What Is Dual Diagnosis Treatment?

Dual diagnosis is a combination of addiction and mental illness. Sometimes, the mental health condition in question is referred to as a co-occurring disorder. There are many forms that dual diagnosis can come in because of the seemingly endless combinations of mental conditions and substances. It can be alcohol addiction combined with anxiety. Or it can be prescription drug addiction combined with depression.

It is fairly common to see dual diagnoses among all people who suffer from addiction. Some studies indicate that more than half of those suffering from drug addiction may also have a dual diagnosis, while almost 40 percent of alcohol abusers have a diagnosable mental condition. This is very important to understand, since treating dual diagnosis is much more difficult than treating addiction alone.

Some mental illnesses that are commonly present in dual diagnosis patients are:

Which Mental Health Conditions Lead to Addiction More Than Others?

Looking at it the other way, of all the Americans who have a diagnosable mental health condition, about 30 percent abuse drugs or alcohol.

Which condition has the highest correlation with substance abuse? Depression, hands down. If you have diagnosable depression, you’re more than twice as likely to abuse drugs and/or alcohol as someone without this condition.

Personality disorders (antisocial, borderline, schizotypal, etc.) also have a high correlation with addiction, to the tune of 30 percent. Anxiety disorders are actually the most common group of disorders among U.S. adults, but they fall behind depression and personality disorders when it comes to how likely someone with this condition is going to abuse harmful substances.

Dual Diagnosis Is Difficult to Treat, But Possible

Dual diagnosis is difficult to treat for a few reasons. One of the reasons is that when treating addiction, it can be difficult to get to the root cause of the symptoms being shown. For an inexperienced caregiver, signs of depression could be mistakenly attributed to somebody’s addiction. When, in reality, the person has legitimate depression, and they have become addicted as a way of coping with their illness. A medical professional with experience in treating dual diagnosis is essential to uncovering the underlying problem.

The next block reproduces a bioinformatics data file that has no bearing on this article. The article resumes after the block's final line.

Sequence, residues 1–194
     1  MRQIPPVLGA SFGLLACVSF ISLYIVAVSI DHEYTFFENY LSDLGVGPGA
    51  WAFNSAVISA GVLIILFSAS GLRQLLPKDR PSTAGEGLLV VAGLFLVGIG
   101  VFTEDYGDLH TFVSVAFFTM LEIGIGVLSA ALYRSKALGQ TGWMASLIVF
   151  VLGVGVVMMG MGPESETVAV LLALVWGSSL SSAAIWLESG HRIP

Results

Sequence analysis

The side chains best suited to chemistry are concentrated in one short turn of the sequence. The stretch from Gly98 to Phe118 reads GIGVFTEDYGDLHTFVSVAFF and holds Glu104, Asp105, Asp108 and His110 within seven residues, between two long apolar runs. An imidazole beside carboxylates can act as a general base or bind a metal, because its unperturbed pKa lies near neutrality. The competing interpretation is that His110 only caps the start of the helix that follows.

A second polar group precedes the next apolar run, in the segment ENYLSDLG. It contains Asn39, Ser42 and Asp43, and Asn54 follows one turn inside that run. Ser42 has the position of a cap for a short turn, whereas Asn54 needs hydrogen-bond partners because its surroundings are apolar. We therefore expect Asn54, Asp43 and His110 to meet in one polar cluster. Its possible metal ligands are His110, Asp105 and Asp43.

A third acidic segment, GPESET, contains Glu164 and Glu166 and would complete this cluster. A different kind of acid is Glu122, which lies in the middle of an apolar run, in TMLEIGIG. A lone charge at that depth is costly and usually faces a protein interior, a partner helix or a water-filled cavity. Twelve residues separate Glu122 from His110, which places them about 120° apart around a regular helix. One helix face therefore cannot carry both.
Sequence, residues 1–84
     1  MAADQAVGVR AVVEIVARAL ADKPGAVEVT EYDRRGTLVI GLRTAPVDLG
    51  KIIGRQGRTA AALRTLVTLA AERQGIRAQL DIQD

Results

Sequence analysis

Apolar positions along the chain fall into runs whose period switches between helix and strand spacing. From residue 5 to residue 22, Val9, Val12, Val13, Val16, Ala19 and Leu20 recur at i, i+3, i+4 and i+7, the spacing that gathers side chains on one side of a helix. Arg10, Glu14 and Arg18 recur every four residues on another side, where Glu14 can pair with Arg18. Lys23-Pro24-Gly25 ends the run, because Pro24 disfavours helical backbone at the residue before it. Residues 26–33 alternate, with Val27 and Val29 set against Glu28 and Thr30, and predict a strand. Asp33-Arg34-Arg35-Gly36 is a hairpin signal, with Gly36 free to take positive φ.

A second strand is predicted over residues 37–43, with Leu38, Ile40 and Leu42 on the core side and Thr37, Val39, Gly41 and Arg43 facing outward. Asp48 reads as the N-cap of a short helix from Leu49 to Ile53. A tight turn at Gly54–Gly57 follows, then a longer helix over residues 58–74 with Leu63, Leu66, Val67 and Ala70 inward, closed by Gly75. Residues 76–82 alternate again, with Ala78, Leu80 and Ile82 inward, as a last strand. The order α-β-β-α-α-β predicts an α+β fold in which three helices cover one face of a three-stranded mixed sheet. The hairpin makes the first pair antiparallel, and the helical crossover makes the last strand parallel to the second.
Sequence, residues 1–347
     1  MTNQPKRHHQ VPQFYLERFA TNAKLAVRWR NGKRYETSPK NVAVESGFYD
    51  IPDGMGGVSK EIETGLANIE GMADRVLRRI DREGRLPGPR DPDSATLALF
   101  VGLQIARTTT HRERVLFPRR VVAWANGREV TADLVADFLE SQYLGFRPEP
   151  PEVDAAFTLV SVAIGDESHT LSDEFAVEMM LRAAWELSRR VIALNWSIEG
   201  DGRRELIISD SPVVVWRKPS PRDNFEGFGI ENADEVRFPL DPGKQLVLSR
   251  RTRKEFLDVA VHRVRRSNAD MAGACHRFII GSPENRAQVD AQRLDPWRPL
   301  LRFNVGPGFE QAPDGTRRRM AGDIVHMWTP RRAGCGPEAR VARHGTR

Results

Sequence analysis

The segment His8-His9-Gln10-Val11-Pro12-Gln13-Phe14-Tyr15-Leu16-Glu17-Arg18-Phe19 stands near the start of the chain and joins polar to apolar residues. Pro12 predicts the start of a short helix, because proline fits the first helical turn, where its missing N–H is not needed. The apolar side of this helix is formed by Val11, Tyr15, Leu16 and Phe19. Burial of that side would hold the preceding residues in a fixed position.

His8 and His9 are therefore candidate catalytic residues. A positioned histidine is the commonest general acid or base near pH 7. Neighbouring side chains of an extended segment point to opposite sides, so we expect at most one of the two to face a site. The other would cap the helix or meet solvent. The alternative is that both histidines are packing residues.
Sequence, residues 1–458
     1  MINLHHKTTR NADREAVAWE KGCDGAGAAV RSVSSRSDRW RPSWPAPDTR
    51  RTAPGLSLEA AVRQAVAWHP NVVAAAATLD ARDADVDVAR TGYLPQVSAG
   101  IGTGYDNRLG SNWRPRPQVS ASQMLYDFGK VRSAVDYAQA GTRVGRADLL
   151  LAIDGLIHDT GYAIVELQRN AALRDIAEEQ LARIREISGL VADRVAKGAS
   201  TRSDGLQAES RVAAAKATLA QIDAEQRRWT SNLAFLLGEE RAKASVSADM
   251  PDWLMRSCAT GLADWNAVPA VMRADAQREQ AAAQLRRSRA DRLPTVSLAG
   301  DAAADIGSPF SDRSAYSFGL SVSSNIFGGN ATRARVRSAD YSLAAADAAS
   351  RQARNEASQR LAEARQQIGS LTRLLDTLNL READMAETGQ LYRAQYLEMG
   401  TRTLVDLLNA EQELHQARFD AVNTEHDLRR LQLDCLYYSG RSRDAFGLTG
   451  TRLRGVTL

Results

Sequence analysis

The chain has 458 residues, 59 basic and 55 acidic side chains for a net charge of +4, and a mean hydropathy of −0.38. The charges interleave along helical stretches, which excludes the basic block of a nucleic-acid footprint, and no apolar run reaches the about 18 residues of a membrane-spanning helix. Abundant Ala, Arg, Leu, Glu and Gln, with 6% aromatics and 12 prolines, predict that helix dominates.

Not all alcohol and drug rehab facilities are qualified to diagnose and treat dual diagnosis. When someone is treated for addiction without being treated for their mental health condition, problems typically occur, such as:

  • Very quick relapse after addiction treatment,
  • High chance of leaving the treatment program early, or
  • Inability to integrate with others seeking help for their addictions.

Maryland Recovery’s Solution: Therapeutic and Holistic Dual Diagnosis Rehabilitation

At Maryland Recovery, we’re confident we have the right team and programs in place to help people recover from both addiction and co-occurring disorders. We offer Partial Hospitalization and Intensive Outpatient services in the beautiful, quiet town of Bel Air, Maryland.

In our highly customized programs, patients are treated to highly effective counseling and holistic therapy services. This usually means activities such as group and individual counseling, meditation, yoga, ear acupuncture and more, but it all depends on the patient’s individualized recovery plan.

At Maryland Recovery, dual diagnosis patients generally receive extra counseling and holistic services than an addiction-only patient. Our focus is on rewiring the brain of a dual diagnosis patient so that he or she better comes to terms with past issues and learns how to manage stress without having to resort to substance use. Our psychiatrists and holistic instructors are vigilant when it comes to helping rebuild the strength of a patient’s mind, body and spirit.

If you want your best shot at putting substance abuse behind you for good while learning how to mitigate and manage your co-occurring disorder symptoms, Maryland Recovery has the team and resources to make that wish become reality.